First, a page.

Miguel Cotto's first major title came to him with a shredding of Kelson Pinto back in 2004. (Photo via a.espncdn.com)
In preparation for this weekend's super fight between WBO welterweight titlist Miguel Cotto and world junior welterweight champion Manny Pacquiao, Bad Left Hook will look back on the major title fight histories of both men.
Pacquiao's is very interesting (and perhaps a bit more limited than you might expect, as he wasn't always fighting for major titles), and Cotto's is really strong, and might hopefully wake people up to the fact that maybe, just maybe, Miguel Cotto isn't some schlub that the mighty Pacquiao will bulldoze past.
We are considering only fights for the Ring Magazine championships, as well as the titles of the WBC, WBA, WBO and IBF.
September 11, 2004: Miguel Cotto TKO-6 Kelson Pinto (Vacant WBO Junior Welterweight Title)
Cotto was 20-0 at the time, and the Brazilian Pinto was a perfect 21-0 with 19 knockouts. Also take into account that Pinto had twice beaten Cotto when the two were amateurs, and this one was no gimme. Pinto, a shade under six feet tall and huge at 140 pounds, was ripped to pieces by the Puerto Rican machine. He was wobbled early, knocked down in the second, and when he was floored again 32 seconds into the sixth round, his corner mercifully halted an entirely one-sided beatdown. Pinto landed 11% of his punches in the fight and could stop nothing Cotto threw at him.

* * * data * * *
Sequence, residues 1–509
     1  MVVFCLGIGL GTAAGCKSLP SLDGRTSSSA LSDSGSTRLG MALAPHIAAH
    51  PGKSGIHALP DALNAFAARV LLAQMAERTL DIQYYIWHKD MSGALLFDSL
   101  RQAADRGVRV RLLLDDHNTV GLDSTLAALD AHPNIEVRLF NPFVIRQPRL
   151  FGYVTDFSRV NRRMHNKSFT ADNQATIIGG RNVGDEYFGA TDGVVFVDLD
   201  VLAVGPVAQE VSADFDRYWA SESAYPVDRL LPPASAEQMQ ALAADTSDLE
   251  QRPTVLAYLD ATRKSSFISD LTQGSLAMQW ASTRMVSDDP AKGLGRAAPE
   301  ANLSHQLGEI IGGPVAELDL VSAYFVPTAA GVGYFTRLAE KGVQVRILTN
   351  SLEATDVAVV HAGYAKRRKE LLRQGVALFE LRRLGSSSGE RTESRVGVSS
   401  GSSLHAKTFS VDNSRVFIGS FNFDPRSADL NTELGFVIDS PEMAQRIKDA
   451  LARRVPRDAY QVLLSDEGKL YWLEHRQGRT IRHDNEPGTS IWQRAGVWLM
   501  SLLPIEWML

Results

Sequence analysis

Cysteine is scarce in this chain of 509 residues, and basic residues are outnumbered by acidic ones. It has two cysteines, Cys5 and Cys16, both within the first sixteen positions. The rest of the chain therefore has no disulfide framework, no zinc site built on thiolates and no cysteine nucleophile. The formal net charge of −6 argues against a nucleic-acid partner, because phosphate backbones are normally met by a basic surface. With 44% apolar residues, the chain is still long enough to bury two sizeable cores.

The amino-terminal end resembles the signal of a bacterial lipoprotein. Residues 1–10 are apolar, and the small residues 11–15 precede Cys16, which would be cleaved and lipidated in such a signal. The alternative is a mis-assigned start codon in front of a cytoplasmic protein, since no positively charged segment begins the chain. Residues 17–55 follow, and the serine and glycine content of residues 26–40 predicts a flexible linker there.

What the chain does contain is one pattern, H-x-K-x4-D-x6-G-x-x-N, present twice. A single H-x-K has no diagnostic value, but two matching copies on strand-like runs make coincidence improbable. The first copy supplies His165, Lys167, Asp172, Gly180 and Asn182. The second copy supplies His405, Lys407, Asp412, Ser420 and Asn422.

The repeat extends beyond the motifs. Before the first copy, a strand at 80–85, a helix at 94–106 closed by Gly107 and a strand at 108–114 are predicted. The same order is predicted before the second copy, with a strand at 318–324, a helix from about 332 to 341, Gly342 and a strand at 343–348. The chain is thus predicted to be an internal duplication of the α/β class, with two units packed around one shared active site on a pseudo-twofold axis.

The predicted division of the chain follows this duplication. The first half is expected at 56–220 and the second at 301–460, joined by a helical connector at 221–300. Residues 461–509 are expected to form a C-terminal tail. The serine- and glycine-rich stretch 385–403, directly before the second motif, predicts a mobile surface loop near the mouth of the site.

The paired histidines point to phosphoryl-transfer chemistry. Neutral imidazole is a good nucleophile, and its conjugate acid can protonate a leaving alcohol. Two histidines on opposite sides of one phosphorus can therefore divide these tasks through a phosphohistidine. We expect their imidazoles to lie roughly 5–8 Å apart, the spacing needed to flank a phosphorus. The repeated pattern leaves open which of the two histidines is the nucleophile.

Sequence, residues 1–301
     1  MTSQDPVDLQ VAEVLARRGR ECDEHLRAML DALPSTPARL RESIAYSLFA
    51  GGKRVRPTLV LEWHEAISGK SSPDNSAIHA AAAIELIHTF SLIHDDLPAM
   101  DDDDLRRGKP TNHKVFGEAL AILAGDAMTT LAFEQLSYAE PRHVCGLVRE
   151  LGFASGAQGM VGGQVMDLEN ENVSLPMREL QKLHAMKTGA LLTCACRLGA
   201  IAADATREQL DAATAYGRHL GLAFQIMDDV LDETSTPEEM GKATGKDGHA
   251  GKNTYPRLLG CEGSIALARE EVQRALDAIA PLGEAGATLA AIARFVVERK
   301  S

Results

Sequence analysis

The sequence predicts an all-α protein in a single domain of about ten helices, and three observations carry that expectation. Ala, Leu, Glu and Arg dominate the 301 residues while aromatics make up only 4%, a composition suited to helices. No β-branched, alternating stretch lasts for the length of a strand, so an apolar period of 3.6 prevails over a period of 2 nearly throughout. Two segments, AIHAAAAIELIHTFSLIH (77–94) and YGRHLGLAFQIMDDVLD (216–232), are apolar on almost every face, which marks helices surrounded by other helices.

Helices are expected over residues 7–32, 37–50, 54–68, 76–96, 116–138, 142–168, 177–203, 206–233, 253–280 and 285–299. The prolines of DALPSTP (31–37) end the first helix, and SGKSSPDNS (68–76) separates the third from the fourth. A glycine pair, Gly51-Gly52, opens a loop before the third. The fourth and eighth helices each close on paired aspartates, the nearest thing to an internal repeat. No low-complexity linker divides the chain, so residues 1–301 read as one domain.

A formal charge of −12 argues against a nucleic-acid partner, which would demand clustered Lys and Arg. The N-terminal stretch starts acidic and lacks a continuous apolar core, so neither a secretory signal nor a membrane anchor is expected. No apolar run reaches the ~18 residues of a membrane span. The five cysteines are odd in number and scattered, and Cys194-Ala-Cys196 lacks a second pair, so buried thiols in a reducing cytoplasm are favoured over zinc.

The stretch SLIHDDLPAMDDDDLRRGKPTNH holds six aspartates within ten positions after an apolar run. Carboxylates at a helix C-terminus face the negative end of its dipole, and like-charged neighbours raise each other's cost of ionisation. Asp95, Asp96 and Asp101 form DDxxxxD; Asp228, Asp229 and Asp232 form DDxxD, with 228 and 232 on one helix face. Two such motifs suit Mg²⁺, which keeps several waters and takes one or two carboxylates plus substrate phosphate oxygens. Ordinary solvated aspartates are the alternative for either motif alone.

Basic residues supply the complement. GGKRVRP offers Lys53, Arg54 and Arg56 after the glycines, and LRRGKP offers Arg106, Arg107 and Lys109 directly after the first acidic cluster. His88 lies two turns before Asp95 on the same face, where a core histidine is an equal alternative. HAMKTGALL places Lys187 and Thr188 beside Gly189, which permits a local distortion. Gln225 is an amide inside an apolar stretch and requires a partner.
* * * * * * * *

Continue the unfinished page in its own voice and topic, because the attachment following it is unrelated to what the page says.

For those that think Cotto's post-Margarito career is what it looks like when a guy has been beaten up bad and "lost it," it's not. It's Pinto after Cotto. The Brazilian fought four more times, winning three of them against guys who had a combined three fights between them, and losing a technical decision to Vince Phillips. Pinto's last fight came in 2006.
December 11, 2004: Miguel Cotto TKO-6 Randall Bailey (WBO Junior Welterweight Title)
Bailey, who's still around with his cannon right hand keeping him in the game, was stopped on cuts. Cotto put him on the canvas twice. Bailey's never had a chin, and like Pinto he couldn't find any way to slow Cotto.
February 26, 2005: Miguel Cotto TKO-5 DeMarcus Corley (WBO Junior Welterweight Title)